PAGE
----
The Bank of Japan has renewed its pledge to keep bond yields at zero, widening its policy gap with the central banks of other major economies that are raising interest rates to tame surging inflation.
The BoJ’s decision to stick to its ultra-loose monetary policy exacerbates a global divergence in yields after the Federal Reserve raised its main interest rate by a historic 0.75 percentage points this week, prompting Switzerland and the UK to also raise rates.
The BoJ on Friday kept overnight interest rates at minus 0.1 per cent. It said it would conduct daily purchases of 10-year bonds at a yield of 0.25 per cent, showing no willingness to let bonds trade in a wider band.
Japan’s core consumer prices, which exclude volatile food prices, have risen at their fastest pace in seven years due to soaring commodity prices. But the BoJ has long argued that underlying demand in the economy remains weak.
The central bank has greater confidence than its counterparts in Europe and the US that the current bout of inflation will be transitory and that it needs to continue supporting the economy with monetary easing measures.
“There remain extremely high uncertainties for Japan’s economy,” the BoJ said in a statement, citing Covid-19 disruptions, the war in Ukraine and rising import costs of commodities and other goods.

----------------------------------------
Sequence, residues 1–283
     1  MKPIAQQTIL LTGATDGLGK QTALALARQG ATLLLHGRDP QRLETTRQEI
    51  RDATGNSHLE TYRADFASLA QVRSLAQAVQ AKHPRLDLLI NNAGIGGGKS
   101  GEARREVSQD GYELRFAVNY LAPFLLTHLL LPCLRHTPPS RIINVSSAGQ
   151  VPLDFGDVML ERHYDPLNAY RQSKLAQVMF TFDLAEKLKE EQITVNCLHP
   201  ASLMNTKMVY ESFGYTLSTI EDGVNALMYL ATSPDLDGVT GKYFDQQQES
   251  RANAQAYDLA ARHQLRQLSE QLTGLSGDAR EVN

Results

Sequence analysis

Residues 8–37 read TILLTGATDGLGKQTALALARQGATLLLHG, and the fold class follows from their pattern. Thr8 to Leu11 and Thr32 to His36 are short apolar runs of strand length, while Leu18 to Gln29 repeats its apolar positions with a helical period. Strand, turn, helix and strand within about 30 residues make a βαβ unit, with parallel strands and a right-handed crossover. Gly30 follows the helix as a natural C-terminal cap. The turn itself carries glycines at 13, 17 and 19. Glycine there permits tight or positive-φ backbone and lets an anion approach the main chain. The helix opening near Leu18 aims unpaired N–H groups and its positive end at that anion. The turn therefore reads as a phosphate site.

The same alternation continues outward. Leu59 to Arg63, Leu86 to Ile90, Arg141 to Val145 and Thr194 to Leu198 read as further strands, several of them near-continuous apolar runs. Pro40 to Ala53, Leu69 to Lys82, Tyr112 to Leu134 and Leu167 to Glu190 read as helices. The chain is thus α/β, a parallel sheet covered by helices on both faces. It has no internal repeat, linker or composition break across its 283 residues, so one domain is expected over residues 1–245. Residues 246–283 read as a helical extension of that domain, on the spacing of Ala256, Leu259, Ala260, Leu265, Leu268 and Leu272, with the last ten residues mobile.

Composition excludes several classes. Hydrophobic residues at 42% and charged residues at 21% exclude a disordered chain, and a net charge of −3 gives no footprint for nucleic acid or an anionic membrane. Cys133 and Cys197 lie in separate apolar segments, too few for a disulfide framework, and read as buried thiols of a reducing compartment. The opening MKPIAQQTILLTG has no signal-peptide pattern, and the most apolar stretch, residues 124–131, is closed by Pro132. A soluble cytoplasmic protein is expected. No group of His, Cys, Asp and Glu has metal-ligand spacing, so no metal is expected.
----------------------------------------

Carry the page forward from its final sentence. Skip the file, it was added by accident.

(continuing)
“In this situation, it is necessary to pay due attention to developments in financial and foreign exchange markets and their impact on Japan’s economic activity and prices.”
The decision triggered a sharp dip in the yen to ¥134.28 against the dollar, extending what has been a phase of exceptionally volatile trading.
Ahead of the announcement, some analysts had forecast that BoJ governor Haruhiko Kuroda might seek to address the recent plunge in the yen with a small tweak in policy. When that did not happen, traders in Tokyo said that the yen may have further to fall.
Benjamin Shatil, forex strategist at JPMorgan in Tokyo, said the decision showed the BoJ “digging its heels in once again”. But he noted that the bank appeared to harden its tone slightly by saying it would pay due attention to developments in financial and foreign exchange markets.
The implication for the yen, he said, is that a move into the high ¥130s against the dollar is now in plan sight, and it could even hit ¥140.
“With the BoJ apparently impervious to the wave of hawkish global central bank capitulation, unconcerned about broadening imported price pressures in Japan, and apparently willing to purchase the entire stock of [10-year Japanese government bonds] if necessary to preserve yield curve control, pain for the yen looks set to go from acute to chronic,” said Shatil.
The BoJ’s decision comes as trading in JGBs continued to mount a direct challenge to the central bank’s resolve, in particular to its commitment to maintain yield curve control by keeping yields on the benchmark 10-year note within 0.25 per cent either side of zero.
After that line was repeatedly breached this week, the BoJ stepped in with massive purchases of JGBs on top of the standard offer of unlimited daily buying that it uses to reassure the market of its commitment to the policy.
On Friday morning, the 10-year JGB yield touched 0.265 per cent, marking its highest level since January 2016.